To some, the telltale aerodynamically influenced wedge shape of the modern affordable hybrid is a badge of honor. To others, it might as well be a limply hung white flag out there for the whole neighborhood to see. If you're in the latter group, consider the 2019 Honda Insight.
Yes, that name has previously adorned archetypal wedge-mobiles, such as the special first-generation Insight, which not only came with a manual transmission and optional air conditioning but also shared an assembly line with the Honda NSX and S2000. Today's Insight is less militant about how it achieves fuel efficiency, delivering instead a normal driving experience, a sharp-looking exterior, and a functional interior. And though it's not built alongside sports cars, its engine and battery come from Ohio, while final assembly occurs in Indiana.
Beyond being a hybrid, the new Insight shares few similarities with its predecessors. It's handsome, for starters. Its underlying structure may come from the Honda Civic, but the Insight's exterior design comes from the larger Accord. Thanks to a wide-set grille and standard LED head- and taillights, the result looks nothing like an overt fuel-miser.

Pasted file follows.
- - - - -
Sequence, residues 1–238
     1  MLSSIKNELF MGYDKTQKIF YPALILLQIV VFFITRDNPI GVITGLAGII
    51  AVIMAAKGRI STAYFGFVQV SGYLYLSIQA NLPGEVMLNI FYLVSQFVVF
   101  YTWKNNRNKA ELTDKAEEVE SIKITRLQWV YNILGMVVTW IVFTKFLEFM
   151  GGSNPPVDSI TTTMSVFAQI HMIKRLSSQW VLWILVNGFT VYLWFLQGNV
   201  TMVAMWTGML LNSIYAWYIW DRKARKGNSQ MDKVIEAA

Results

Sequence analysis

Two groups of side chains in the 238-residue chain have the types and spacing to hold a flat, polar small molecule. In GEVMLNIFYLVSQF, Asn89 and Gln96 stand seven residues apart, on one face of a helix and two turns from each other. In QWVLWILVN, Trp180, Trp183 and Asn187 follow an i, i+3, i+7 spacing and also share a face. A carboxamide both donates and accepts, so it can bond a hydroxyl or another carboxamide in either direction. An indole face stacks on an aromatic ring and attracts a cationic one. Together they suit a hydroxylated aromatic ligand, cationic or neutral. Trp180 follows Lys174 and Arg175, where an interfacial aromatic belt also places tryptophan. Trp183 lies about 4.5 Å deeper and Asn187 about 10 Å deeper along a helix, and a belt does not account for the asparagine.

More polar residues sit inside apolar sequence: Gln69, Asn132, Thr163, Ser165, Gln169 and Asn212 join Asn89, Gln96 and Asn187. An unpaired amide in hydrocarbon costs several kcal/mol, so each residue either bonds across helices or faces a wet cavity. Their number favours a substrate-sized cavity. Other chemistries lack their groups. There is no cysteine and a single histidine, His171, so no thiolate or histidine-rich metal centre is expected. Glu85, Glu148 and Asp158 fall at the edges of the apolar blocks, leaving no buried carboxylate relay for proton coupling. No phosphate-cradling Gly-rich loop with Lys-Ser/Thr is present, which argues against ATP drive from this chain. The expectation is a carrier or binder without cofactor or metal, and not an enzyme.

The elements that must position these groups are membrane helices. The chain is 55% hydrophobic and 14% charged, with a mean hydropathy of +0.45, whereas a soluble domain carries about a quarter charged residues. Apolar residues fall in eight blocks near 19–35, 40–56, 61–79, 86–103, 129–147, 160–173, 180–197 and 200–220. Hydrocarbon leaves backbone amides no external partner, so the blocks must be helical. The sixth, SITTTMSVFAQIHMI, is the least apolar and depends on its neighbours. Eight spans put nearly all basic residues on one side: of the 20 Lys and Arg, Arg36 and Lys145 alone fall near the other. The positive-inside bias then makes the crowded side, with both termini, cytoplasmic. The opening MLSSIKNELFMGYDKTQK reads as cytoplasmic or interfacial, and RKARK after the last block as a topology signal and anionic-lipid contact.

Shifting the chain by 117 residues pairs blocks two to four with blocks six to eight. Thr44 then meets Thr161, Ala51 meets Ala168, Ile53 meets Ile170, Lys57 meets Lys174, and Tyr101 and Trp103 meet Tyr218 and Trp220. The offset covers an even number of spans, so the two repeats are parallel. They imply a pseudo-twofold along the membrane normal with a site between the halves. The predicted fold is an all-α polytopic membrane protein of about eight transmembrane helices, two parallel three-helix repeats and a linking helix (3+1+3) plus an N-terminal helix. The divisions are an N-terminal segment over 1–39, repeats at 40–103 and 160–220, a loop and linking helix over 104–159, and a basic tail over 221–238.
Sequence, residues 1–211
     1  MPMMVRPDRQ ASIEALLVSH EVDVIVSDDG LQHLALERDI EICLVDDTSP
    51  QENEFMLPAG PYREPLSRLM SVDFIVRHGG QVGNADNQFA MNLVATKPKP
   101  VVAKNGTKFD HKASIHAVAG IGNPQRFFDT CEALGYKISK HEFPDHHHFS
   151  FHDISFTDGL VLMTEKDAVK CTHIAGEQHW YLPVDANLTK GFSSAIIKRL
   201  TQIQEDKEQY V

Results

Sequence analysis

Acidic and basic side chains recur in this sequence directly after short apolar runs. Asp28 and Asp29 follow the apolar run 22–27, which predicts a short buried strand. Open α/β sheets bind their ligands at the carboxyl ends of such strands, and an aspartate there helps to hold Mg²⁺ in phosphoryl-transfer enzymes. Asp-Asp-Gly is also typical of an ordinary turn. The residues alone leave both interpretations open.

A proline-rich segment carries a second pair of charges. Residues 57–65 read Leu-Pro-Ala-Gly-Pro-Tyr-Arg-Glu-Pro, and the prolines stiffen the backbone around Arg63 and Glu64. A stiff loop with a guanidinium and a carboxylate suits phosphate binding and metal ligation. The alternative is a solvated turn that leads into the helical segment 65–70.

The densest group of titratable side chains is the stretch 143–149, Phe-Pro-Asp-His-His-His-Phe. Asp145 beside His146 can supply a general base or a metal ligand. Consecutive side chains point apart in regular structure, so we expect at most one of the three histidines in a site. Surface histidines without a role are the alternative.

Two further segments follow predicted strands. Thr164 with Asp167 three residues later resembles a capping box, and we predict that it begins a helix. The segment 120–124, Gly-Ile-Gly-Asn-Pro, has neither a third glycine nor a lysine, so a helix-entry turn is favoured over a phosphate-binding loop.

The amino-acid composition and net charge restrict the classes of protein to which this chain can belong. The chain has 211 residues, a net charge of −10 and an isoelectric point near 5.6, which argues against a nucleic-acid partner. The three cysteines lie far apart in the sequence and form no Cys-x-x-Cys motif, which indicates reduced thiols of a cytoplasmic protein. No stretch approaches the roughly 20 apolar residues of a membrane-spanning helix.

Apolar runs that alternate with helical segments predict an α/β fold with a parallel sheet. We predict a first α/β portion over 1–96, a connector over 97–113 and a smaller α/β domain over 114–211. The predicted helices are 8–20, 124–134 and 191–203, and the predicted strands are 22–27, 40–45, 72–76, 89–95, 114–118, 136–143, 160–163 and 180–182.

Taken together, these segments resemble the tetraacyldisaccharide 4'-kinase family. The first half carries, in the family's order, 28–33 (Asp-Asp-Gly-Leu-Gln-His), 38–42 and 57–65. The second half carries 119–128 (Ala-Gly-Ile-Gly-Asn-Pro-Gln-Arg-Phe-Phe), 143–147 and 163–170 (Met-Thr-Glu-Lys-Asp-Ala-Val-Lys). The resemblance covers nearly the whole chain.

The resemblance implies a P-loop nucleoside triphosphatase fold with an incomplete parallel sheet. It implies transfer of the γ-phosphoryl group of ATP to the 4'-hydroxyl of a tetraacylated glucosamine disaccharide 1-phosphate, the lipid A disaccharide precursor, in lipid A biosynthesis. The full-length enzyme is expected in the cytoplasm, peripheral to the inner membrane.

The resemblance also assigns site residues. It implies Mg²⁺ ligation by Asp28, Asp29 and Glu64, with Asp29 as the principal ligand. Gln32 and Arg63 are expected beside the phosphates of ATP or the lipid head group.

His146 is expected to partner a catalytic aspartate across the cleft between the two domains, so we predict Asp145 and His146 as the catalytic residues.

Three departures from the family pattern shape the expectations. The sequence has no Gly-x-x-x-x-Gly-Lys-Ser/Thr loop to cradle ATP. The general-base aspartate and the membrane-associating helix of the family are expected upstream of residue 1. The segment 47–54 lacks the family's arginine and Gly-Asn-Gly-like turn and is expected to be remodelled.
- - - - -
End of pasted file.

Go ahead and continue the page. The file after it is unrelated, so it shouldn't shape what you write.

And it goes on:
The Insight is about the same size as a Civic, and the construction is similar underneath with a few changes to accommodate the hybrid-specific hardware and improve overall drivability. An aluminum hood reduces weight, and additional sound-deadening material and active noise-canceling hardware make the interior quieter. Unlike its predecessors that had a hatchback body style, the new Insight is a sedan with a traditional trunk.
Honda projects 52 mpg combined (55 city/49 highway) for two of the three Insight trim levels, the base LX and the midgrade EX. The fully loaded Touring's additional features — ranging from a sunroof to power and heated front seats to larger wheels — push it to a different weight class that lowers its rating to 48 mpg combined (51 city/45 highway). Most owners probably won't see a difference in real-world driving.
The fuel economy ratings border those of the Toyota Prius and Hyundai Ioniq, but the Insight's hybrid system packs a bit more punch. Under the hood is a 1.5-liter four-cylinder engine that acts primarily like a generator, making electricity for the motor that drives the front wheels. Combined, the system provides 151 horsepower and 197 pound-feet of torque. The engine can supply power directly to the front wheels under heavy accelerator use and at freeway speeds, but does so only through a clutch and a fixed gear ratio. There is no traditional automatic or continuously variable automatic transmission. The Insight's 1.1-kWh hybrid battery is situated under the rear seat.